TOKYO – Mazda reported its third straight quarter of red ink Friday after vehicle production was hurt by the earthquake and tsunami in Japan.
Automakers from Japan to the U.S. suffered disruption to production when key parts failed to arrive from suppliers damaged by the March 11 disaster in northeastern Japan.
Mazda said its loss for the April-June quarter totalled 25.5 billion yen ($327 million). It had a loss of 2.1 billion yen a year earlier. The latest result was worse than the 22 billion yen loss forecast by a FactSet survey of analysts.
But the Hiroshima-based manufacturer stuck to its forecast for a return to the black in the fiscal year ending March 2012. It expects an annual net profit of 1 billion yen ($12.8 million) and sales to fall 6 per cent to 2.19 trillion yen ($28 billion).
Mazda, which makes the Miata and RX-8 sportscars, said in a release it sold 281,000 vehicles worldwide for the April-June quarter, down 11 per cent. Sales declined in Japan, North America and Europe, according to Mazda.
For the full fiscal year, Mazda expects to sell more vehicles than the previous year at 1.3 million vehicles, up 2.6 per cent on year, with much of the momentum coming from an expected 14.5 per cent sales surge in China.
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Quarterly sales revenue of 408 billion yen ($5.2 billion) was down 29 per cent from a year earlier.
Mazda achieved record sales or market share in Australia, China, Thailand, Mexico, Indonesia and Malaysia, it said.
Mazda acknowledged that concerns remained about a strong yen, which erodes the value of overseas earnings of Japanese exporters, as well as the rising price of raw materials and oil.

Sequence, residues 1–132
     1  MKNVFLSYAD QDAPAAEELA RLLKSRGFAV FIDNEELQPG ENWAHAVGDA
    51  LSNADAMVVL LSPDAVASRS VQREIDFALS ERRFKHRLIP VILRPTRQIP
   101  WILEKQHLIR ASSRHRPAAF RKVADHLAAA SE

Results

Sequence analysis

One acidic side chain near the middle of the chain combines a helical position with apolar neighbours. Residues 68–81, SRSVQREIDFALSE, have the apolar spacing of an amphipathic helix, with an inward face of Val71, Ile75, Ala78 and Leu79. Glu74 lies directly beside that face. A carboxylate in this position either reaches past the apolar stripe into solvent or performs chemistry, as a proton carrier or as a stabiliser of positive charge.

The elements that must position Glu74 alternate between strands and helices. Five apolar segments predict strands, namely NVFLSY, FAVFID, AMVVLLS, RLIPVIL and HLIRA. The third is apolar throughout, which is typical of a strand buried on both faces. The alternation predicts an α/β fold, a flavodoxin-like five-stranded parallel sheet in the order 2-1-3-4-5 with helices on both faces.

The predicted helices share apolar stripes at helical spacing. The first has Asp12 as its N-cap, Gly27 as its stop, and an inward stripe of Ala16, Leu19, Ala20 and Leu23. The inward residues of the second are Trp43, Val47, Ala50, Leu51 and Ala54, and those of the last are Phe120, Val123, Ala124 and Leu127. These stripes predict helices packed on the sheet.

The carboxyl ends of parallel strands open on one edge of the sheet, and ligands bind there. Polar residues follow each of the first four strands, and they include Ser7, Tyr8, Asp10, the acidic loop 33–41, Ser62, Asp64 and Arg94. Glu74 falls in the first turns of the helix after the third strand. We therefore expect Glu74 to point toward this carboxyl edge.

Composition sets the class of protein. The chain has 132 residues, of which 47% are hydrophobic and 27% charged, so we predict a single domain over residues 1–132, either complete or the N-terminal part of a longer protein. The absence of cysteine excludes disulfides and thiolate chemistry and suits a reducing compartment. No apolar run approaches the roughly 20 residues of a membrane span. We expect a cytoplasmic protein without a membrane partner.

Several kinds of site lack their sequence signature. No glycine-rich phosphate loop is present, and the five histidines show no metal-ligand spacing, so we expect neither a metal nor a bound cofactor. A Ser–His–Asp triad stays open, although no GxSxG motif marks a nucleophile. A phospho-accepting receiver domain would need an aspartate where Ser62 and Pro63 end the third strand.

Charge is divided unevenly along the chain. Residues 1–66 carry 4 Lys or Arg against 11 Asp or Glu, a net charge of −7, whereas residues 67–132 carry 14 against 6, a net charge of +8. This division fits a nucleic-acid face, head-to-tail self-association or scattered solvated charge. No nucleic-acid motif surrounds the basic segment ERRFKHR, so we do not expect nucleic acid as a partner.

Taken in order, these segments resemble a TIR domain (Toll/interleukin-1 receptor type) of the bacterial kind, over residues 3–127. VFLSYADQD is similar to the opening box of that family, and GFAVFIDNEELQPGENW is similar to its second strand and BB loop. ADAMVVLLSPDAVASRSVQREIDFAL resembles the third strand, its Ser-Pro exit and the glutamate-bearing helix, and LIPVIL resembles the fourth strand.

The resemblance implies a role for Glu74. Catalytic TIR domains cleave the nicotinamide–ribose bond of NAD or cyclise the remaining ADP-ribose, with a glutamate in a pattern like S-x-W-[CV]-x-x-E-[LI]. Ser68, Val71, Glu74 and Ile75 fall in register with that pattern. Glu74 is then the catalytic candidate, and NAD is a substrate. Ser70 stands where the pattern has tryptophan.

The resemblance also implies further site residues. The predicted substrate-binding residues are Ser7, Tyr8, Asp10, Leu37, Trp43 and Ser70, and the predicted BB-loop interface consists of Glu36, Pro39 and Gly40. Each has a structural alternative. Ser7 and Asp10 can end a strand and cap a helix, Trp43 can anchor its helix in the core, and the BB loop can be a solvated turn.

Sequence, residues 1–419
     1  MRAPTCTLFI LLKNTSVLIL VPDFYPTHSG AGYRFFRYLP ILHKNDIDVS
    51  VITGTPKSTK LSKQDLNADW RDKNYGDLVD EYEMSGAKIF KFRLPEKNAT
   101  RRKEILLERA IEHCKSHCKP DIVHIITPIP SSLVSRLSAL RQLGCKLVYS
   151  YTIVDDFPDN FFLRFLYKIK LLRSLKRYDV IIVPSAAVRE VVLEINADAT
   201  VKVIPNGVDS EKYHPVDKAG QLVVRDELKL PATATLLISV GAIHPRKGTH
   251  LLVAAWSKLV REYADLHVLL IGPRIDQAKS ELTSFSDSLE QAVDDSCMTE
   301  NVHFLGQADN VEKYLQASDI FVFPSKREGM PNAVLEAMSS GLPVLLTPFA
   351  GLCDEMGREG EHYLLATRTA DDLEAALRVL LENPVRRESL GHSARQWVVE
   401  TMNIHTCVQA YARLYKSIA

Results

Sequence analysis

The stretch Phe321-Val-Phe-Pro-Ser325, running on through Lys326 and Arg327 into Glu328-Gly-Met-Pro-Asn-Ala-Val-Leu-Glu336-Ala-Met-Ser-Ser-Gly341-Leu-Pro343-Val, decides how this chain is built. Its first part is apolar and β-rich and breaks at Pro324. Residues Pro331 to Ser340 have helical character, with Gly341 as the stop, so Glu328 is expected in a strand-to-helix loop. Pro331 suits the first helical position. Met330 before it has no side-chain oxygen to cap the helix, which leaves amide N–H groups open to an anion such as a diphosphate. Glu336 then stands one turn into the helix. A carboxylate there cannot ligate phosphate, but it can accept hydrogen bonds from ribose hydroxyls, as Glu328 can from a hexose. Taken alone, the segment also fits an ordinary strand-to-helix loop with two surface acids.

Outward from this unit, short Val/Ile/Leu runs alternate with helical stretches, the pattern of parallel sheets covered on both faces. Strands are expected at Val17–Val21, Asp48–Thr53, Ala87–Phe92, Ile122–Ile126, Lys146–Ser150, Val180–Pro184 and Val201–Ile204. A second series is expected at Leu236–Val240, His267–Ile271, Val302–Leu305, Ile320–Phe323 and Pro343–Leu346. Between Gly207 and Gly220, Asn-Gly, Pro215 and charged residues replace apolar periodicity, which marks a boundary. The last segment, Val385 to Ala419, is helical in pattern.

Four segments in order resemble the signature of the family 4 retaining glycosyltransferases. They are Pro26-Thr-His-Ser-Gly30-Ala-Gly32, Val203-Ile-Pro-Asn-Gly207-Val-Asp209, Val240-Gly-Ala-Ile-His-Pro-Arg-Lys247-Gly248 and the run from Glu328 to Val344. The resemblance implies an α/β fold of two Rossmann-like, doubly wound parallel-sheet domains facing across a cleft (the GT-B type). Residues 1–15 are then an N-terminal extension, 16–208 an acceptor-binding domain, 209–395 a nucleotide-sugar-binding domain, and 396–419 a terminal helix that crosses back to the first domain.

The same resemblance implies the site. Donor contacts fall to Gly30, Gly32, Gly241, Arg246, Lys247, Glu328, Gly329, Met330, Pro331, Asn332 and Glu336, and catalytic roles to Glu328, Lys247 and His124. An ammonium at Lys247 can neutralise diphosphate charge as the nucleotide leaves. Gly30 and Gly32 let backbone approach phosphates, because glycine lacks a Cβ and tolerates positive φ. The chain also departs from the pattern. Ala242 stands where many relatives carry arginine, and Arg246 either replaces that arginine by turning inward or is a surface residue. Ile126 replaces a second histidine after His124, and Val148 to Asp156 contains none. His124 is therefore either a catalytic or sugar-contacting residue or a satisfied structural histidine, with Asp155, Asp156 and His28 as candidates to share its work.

Mazda said that an unfavourable exchange rate erased 3.1 billion yen ($40 million) from its bottomline.
Another fear is an electricity shortage in Japan after reactors at a nuclear power plant in northeastern Japan were sent into meltdown by the March 11 tsunami. Another plant is being shut down in central Japan because of quake fears.
Mazda said production has returned to normal at its Japan plants recently.
It said it is banking on growth from the improved fuel efficiency of its gasoline engine Skyactiv car, that it’s planning to roll out in various models, starting with the remodeled Demio. The automaker said the Demio was selling well in Japan.
Mazda, which has lost money for the last three fiscal years, is struggling to assert its brand without counting on its longtime partnership with Ford.
Mazda does not have flashy green technologies in its lineup that its bigger Japanese rivals do – such as the hybrids at Toyota Motor Corp. or electric vehicles at Nissan Motor Co.
Dearborn-based Ford bought 25 per cent of Mazda in 1979, raising it to 33.4 per cent in 1996. But Ford began cutting ties in 2008, and last year lowered its ownership to 3.5 per cent.
Earlier this week, Nissan reported a smaller-than-expected 20 per cent drop in April-June profit to 85 billion yen ($1 billion). Chief Executive Carlos Ghosn said the numbers show Nissan is holding up despite huge odds.
Honda Motor Co. reports earnings Aug. 1, and Toyota on Aug. 2.
Mazda stock inched up 1 per cent to 213 yen. Earnings were announced shortly after trading ended in Tokyo.